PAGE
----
New Genetic Research Turns Bird Families Upside Down
A recent study of bird genetics has researchers startled with surprising new findings. After completing the largest study of bird genetics ever undertaken, U.S. researchers are discovering that a number of birds are not as closely related to similar bird species as was previously thought.
While a lot of the findings are based on the theory of evolution, there is just no disputing the genetic facts. Bird lovers will be shocked to find that despite appearances, falcons are not very closely related to hawks and eagles. Drab and nocturnal nightjars seem to have a very close link to diurnal, colorful hummingbirds while parrots are strikingly similar to songbirds. Previously all assumptions about animal familial groups were made based mainly on appearances but also on activities, breeding habits and diet. Now it would seem that appearances have been truly deceiving and the new findings may even result in a number of field guides being altered in the near future.
The study, which was conducted by Sushma Reddy from the Chicago Field Museum of Natural History, involved studying the genetic sequences of approximately 169 bird species in an attempt to better establish the which bird families belong where on the bird family tree. What he and his team of researchers discovered was that birds that often look very different are actually genetically very similar, while birds that may seem to be closely related may have little or no relation at all. It has taken more than five years to gather the information needed for the research – a task undertaken by the Early Bird Assembling the Tree-of-Life Research Project – and DNA from all major living bird groups was taken to create a complete, overall assessment. The research required for such a massive undertaking is the equivalent of a small genome project and the findings were published in Science on June 27 to make them more accessible to other researchers and biologists.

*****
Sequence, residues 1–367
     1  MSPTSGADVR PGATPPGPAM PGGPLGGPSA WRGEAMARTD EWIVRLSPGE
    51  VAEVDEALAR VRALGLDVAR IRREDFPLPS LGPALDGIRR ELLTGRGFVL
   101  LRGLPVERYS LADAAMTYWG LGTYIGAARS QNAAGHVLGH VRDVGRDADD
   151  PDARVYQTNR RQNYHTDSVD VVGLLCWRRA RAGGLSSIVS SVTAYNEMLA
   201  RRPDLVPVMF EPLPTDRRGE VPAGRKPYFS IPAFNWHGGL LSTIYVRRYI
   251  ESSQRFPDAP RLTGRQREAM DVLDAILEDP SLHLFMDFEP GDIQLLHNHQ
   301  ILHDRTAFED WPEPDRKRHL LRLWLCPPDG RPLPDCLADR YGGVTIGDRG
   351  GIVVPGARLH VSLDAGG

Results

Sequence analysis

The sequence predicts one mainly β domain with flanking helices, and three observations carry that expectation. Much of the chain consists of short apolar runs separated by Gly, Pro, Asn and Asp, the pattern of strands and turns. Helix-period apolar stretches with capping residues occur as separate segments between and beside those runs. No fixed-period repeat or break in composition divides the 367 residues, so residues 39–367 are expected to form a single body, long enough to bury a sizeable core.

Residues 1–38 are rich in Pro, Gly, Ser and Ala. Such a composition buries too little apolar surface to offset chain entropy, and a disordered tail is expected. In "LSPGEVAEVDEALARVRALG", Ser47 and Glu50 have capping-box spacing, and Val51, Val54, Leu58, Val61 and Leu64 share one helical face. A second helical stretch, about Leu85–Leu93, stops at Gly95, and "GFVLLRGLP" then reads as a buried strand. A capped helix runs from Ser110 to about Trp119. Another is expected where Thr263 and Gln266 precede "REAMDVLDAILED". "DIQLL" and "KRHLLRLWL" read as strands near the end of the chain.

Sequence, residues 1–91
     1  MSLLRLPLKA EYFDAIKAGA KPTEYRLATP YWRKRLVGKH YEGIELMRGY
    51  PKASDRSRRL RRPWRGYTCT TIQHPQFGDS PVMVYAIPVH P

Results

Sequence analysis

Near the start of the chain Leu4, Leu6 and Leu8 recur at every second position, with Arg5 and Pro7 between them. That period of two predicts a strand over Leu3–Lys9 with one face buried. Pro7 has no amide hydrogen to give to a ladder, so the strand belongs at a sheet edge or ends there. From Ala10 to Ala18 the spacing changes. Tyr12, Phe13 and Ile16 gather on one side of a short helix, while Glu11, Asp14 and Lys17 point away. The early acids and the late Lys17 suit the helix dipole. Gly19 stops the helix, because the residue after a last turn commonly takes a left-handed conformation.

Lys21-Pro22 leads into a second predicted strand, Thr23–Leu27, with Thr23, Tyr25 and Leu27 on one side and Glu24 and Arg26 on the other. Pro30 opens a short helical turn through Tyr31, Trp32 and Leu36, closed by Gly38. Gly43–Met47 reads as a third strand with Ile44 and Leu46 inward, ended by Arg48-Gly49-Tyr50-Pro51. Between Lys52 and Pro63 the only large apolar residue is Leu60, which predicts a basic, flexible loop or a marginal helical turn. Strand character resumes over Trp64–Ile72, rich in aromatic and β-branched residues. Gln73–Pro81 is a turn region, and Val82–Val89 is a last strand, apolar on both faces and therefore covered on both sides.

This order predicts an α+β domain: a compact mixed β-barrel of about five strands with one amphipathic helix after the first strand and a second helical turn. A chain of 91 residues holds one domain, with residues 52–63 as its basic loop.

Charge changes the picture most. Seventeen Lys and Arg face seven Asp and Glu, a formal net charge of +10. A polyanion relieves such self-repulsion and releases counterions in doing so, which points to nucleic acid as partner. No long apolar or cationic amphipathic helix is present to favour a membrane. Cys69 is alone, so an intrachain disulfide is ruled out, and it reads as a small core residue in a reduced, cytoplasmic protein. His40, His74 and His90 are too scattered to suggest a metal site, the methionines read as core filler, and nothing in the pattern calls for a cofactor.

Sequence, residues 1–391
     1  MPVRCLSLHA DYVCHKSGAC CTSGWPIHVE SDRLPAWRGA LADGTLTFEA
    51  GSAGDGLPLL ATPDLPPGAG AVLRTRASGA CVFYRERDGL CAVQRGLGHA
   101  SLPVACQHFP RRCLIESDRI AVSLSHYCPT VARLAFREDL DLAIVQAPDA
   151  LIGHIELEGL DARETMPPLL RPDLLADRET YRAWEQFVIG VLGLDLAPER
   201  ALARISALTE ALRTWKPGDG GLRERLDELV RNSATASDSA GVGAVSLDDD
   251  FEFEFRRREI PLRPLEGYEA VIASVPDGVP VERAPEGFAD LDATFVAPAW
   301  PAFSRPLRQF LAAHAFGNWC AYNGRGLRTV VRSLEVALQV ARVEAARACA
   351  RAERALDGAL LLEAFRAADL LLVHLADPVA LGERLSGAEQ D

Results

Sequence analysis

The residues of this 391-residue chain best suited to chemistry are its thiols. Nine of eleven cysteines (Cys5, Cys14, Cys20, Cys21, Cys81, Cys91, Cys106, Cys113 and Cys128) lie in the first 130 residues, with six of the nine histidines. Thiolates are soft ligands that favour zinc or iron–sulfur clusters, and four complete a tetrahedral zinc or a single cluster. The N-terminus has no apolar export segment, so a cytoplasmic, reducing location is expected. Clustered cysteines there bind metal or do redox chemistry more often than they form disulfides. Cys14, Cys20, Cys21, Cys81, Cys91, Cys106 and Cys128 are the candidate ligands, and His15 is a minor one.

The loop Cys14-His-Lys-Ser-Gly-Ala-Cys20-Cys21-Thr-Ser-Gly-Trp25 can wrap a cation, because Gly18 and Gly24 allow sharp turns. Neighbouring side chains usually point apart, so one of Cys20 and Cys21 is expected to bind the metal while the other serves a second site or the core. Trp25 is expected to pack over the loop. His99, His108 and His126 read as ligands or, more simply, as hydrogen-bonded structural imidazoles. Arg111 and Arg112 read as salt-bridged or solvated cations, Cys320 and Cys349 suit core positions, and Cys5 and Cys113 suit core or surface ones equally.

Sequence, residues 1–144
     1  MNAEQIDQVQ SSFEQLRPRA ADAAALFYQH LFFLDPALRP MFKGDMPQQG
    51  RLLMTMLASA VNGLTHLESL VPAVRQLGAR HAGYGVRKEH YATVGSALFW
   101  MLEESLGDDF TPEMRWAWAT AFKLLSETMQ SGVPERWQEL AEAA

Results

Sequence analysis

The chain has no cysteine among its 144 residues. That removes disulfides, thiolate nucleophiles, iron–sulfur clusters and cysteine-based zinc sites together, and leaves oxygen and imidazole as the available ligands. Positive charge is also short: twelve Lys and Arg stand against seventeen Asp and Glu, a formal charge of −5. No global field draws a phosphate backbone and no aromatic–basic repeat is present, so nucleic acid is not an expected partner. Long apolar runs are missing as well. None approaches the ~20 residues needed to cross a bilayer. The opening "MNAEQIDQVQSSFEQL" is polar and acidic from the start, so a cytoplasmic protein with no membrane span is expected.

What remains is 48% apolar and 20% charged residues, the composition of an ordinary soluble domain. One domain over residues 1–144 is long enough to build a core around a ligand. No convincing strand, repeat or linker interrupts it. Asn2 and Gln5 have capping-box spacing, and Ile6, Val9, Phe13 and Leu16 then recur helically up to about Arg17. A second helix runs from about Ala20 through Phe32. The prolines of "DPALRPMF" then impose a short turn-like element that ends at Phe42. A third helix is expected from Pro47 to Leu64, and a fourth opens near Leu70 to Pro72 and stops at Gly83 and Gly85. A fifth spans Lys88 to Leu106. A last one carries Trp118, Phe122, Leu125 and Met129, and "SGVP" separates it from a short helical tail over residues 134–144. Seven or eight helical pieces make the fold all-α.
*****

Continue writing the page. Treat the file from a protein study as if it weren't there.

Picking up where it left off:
The new findings will finally put to rest disputes regarding the correct classification of avians, but at the same time it has thrown biologists and ornithologists into a whirlpool of confusion and controversy. At any rate, the results of the study will no doubt require that dozens of bird books, biology textbooks and field guides will have to be corrected.